What can I say about the last day of the trip except that I wish we had gone back to the Madison River. Not that I didn't catch any fish, I did, and some nice ones. But try as I might, I just can't get into fishing a river that's as huge as the Henry's Fork, over 100 yard wide in many spots, where people feel they have to fish in your waders to catch fish.
Yep, no one within a quater mile of me one minute, and catch a couple of fish, and suddenly I'm surrounded by a couple idiots. One guy got within 30-35 feet of me, and then when I politely asked him if he could give me some space, he told me I should have some manners.
That was around 6 o'clock or so. When the third guy came wading over I had enough. I made it clear to the three of them that they needed a class in stream etiquette before I made way back to the bank to go somewhere else. And that was the problem, by now half the world was fishing here. I looked up river, and down, and there were people every 50 yards or so. They came out of the woodwork! Not my cup of tea. I walked a ways downstream and found a pod of trout rising well away from the masses and waded out to them. After a few casts I hooked a nice fish and landed it shortly afterwards. Another 15 minutes later I hooked and landed another, and then within 5 minutes or so I had company!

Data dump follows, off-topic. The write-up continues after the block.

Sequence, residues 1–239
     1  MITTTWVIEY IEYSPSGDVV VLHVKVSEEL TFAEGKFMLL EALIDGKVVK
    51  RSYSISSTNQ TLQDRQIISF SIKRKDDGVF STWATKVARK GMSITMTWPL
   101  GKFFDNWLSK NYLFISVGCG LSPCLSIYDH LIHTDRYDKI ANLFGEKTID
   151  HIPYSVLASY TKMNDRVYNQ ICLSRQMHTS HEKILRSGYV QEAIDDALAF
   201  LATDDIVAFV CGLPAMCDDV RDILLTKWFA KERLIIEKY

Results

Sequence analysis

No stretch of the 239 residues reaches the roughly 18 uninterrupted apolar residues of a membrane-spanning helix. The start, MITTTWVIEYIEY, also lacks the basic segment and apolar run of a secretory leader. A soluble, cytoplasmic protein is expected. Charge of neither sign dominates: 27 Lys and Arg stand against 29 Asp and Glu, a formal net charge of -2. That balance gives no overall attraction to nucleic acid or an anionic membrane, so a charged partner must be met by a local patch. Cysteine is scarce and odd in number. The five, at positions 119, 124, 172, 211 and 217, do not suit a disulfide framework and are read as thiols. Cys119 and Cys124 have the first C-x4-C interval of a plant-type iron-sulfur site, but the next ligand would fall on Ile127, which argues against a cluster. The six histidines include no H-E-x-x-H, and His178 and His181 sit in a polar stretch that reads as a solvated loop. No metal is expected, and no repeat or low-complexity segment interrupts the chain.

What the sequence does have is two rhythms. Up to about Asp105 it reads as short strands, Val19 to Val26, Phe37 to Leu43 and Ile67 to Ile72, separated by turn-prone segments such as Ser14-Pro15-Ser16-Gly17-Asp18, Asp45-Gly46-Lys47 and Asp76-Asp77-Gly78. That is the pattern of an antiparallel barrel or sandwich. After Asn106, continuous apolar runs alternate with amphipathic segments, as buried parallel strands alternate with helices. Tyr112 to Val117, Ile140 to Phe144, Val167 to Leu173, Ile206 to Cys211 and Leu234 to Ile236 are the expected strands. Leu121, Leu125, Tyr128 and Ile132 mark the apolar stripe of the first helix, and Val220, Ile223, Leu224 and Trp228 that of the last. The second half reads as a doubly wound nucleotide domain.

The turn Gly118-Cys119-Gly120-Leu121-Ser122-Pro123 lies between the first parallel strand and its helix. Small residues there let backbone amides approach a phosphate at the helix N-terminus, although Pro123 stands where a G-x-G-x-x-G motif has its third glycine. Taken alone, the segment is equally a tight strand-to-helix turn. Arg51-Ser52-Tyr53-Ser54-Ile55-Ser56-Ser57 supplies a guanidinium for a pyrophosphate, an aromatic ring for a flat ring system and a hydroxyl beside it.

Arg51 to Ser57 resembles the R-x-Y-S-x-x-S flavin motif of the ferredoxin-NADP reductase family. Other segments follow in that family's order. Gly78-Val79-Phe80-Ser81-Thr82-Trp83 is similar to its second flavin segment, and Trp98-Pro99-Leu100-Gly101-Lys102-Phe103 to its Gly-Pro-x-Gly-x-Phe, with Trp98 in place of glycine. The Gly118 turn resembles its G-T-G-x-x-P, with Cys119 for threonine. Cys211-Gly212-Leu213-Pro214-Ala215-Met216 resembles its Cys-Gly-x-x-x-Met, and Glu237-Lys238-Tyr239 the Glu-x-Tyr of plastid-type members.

It was unbelievable to say the least. Mind you, trout were rising up and down the river as far as the eye could see, yet these bozos.....new bozos, not the ones a mile up river......had to practically jump in my waders. That was it for me. I headed out of the river and walked up the bank to the car where I opened a beer and munched on pistachio nuts while I waited until the others got back. I did get to enjoy a wonderful sunset though.
Bottom line, this river gets way too much national and international press on a steady basis........sometimes you can love a river too much.
Life is good. Just don't fish the Henry's Fork if you want some solitude.